Pork Ribs: A Beginner's Guide

Baby Back Ribs, Spare Ribs, Country-Style Ribs, St. Louis Cut Ribs and More

BBQ pork ribs
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Pork ribs are meaty, fatty, messy, hard to cook, hard to eat, and altogether wonderful.

The reason they're so wonderful is that there is a lot of fat and cartilage around and between the ribs. When cooked properly, that cartilage breaks down and softens, making the ribs incredibly tender and succulent.

And the reason they're hard to cook is that they need to be cooked slowly, over very low heat, which is mainly only tricky if you're doing it on the grill.

Which honestly is the best way to cook ribs. But you can also do it in the oven or even a slow-cooker, in which case it's not that hard at all.

When you cook ribs slowly like this, not only does the cartilage break down, but the fat also melts away and coats the muscle fibers, and so does the connective tissue surrounding the muscle bundles themselves, which gives the ribs a moist, meaty, juicy feel in your mouth.

The meat itself is extremely flavorful, which tends to be the case with the muscles that get more exercise. These muscles are also tougher, but when cooked slowly the result is fall-off-the-bone tender.

Baby Back Ribs

The ribs you usually hear described as baby back ribs come from high up on the back of the hog, where they wrap around the loin. They're actually the same ribs that are found in bone-in pork rib chops, but they don't have the loin muscle attached.

In other words, if you want baby back ribs, you're going to be left with a boneless loin or boneless pork chops.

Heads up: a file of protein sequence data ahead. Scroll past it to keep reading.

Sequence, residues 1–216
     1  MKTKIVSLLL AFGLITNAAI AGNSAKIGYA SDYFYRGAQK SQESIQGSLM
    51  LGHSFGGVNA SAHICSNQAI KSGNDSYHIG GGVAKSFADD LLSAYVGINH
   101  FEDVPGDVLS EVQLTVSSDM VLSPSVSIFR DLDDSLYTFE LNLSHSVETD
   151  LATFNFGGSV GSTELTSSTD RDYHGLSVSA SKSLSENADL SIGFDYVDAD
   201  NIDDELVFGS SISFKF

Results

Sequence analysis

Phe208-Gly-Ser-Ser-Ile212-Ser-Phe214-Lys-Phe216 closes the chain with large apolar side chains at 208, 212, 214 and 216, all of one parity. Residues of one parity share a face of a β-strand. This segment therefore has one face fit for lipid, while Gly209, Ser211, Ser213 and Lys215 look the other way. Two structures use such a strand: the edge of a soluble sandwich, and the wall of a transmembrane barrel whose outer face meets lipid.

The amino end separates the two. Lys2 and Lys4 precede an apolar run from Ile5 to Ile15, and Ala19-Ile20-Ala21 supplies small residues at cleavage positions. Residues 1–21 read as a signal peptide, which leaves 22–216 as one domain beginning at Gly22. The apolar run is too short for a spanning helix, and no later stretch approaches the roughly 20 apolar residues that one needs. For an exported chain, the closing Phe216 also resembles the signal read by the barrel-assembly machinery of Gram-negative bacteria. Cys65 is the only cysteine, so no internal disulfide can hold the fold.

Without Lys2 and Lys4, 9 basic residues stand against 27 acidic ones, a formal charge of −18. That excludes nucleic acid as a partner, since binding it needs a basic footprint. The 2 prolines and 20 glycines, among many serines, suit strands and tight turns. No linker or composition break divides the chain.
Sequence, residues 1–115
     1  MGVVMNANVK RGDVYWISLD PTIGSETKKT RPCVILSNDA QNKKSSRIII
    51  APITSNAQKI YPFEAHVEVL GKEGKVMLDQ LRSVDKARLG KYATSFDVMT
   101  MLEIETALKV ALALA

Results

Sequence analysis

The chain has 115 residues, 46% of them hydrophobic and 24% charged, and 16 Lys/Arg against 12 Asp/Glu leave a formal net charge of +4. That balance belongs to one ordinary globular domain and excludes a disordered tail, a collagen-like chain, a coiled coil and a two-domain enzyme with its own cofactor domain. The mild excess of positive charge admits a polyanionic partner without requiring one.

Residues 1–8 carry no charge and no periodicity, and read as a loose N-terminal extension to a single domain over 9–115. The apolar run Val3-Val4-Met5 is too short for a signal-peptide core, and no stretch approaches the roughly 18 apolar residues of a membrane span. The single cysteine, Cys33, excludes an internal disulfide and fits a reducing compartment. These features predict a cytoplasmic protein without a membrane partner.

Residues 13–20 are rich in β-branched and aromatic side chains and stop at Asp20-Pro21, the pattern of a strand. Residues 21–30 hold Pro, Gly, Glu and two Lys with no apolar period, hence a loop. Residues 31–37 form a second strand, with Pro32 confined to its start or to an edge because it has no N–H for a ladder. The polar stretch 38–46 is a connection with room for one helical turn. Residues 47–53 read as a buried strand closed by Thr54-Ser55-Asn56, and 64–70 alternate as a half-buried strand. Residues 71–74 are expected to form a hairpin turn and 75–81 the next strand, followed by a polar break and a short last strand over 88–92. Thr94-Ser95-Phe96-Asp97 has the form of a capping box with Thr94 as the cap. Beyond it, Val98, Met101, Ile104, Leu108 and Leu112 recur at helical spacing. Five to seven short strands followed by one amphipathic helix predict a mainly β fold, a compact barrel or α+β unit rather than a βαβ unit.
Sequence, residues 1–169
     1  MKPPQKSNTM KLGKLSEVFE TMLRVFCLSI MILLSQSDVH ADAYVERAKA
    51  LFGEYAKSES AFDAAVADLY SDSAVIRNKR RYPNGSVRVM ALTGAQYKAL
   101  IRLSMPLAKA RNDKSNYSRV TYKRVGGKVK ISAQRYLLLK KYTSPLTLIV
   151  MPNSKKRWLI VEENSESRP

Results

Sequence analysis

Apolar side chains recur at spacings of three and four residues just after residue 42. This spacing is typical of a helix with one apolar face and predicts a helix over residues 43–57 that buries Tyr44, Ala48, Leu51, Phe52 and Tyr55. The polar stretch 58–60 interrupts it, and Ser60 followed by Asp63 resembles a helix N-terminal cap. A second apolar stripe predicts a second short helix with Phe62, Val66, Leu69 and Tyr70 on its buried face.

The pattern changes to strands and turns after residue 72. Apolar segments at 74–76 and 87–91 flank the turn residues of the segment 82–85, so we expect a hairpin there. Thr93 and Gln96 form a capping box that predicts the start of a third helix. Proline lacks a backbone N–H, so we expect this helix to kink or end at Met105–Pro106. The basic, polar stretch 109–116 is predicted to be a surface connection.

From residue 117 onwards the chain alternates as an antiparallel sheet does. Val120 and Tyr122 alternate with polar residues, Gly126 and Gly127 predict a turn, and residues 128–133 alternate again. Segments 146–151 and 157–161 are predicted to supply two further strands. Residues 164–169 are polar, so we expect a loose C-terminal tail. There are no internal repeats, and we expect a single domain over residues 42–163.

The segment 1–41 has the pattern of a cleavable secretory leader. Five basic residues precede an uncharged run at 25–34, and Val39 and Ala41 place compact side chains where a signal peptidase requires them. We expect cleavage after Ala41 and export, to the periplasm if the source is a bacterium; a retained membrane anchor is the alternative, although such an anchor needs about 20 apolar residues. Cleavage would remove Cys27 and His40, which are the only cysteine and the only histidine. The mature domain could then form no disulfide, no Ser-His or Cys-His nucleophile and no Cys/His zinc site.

Technically, baby back ribs are ribs from a younger animal. The generic term for ribs taken from the loin is either back ribs, loin ribs or loin back ribs. But if you call them baby back ribs, your butcher will know exactly what you're talking about.

Baby back ribs have a slight curvature to them to match the curvature of the loin.

They're leaner, meatier and a bit more tender than spareribs, and they contain less cartilage. 

Back ribs are usually between 3 and 6 inches wide, and they taper toward the front. A rack of back ribs will consist of between 8 and 13 ribs.

Here's a great recipe for baby back ribs you can prepare in a slow-cooker.

Pork Spare Ribs

Spare ribs come from the belly of the hog, so they're the lower section of ribs, extending all the way to the front of the animal so that they include parts of the sternum and brisket bones, which are just the ends of the rib bones where they curve around the bottom of the belly. 

Because they come from the belly, spare ribs have a bit more fat on them, and they're a little tougher since the muscles around the rib cage expand and contract quite a lot. But long slow cooking, whether in a smoker, a barbecue or even in the oven, will ensure that the meat falls off the bone. 

Spare ribs are straighter than back ribs, and maybe 6 to 8 inches wide. A full rack will consist of 11 to 13 ribs.

 

Here's a recipe for spare ribs you can cook on the grill.